Dr. Lowe has over 20 years of experience in reproductive medicine; she most recently held the position of Fertility Consultant and Medical Director at Galway Fertility Clinic. Dr. Lowe previously worked as a Consultant Obstetrician & Gynaecologist in Galway University Hospital and a Consultant Gynaecologist at the Bon Secours Hospital.

Waterstone Clinic Dublin will provide a full range of fertility treatments and services, ranging from fertility testing and assessments to help couples get started along their journey, to specialised services such as IVF, egg freezing and egg donation treatments. Waterstone Clinic prides itself on its patient-centred and science-led approach to fertility, ensuring the right decisions are made at every stage to give their clients the very best chance of having a baby.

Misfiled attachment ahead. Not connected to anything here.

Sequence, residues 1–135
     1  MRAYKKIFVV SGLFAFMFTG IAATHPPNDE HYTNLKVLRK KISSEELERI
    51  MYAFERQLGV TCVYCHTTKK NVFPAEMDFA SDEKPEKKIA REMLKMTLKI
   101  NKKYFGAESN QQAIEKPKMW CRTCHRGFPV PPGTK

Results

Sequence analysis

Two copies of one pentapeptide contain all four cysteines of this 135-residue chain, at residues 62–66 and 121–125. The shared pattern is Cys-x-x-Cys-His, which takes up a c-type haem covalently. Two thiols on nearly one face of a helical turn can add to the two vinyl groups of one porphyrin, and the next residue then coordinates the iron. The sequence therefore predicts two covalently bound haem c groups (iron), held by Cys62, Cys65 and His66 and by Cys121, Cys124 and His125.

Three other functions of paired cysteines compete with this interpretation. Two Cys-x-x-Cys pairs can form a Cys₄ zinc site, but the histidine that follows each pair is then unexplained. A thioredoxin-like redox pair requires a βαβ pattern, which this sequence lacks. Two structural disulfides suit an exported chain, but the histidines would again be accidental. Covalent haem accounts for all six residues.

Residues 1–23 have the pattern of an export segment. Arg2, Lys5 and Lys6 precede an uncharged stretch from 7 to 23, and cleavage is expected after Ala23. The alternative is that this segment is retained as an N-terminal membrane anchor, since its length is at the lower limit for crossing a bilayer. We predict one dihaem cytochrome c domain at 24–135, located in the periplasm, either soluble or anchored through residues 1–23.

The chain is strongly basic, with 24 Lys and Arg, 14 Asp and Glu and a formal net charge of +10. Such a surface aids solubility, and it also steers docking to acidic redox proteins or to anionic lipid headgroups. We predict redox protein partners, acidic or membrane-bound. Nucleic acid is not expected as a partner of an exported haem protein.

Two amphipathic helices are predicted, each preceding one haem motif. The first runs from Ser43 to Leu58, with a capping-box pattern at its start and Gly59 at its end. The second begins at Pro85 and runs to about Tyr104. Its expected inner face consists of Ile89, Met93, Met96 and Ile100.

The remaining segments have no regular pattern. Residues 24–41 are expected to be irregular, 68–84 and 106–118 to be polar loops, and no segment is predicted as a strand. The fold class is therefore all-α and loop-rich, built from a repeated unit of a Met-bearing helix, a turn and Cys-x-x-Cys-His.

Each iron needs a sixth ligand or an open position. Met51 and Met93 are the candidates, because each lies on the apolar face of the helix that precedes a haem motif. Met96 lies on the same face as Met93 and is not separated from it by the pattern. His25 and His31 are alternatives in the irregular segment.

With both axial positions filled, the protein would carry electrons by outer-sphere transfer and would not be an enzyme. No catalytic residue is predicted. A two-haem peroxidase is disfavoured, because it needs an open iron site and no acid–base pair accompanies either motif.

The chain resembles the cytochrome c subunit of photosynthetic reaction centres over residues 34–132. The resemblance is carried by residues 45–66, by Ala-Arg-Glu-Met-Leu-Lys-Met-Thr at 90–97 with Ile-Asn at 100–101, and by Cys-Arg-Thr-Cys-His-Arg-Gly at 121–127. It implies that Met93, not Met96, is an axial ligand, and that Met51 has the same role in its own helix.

COVID-19 Vaccines

|A close up shot of Coronavirus 2019-nCoV an infectious flu virus which causes respiratory illness. Human blood samples in a medical lab. 3d illustration concept.|A close up shot of Coronavirus 2019-nCoV an infectious flu virus which causes respiratory illness. Human blood samples in a medical lab. 3d illustration concept.

Updated 6 Jan 2022



The prevalence of the virus in the Irish population is higher now than at any previous time, and extreme vigilance is necessary over the next couple of months.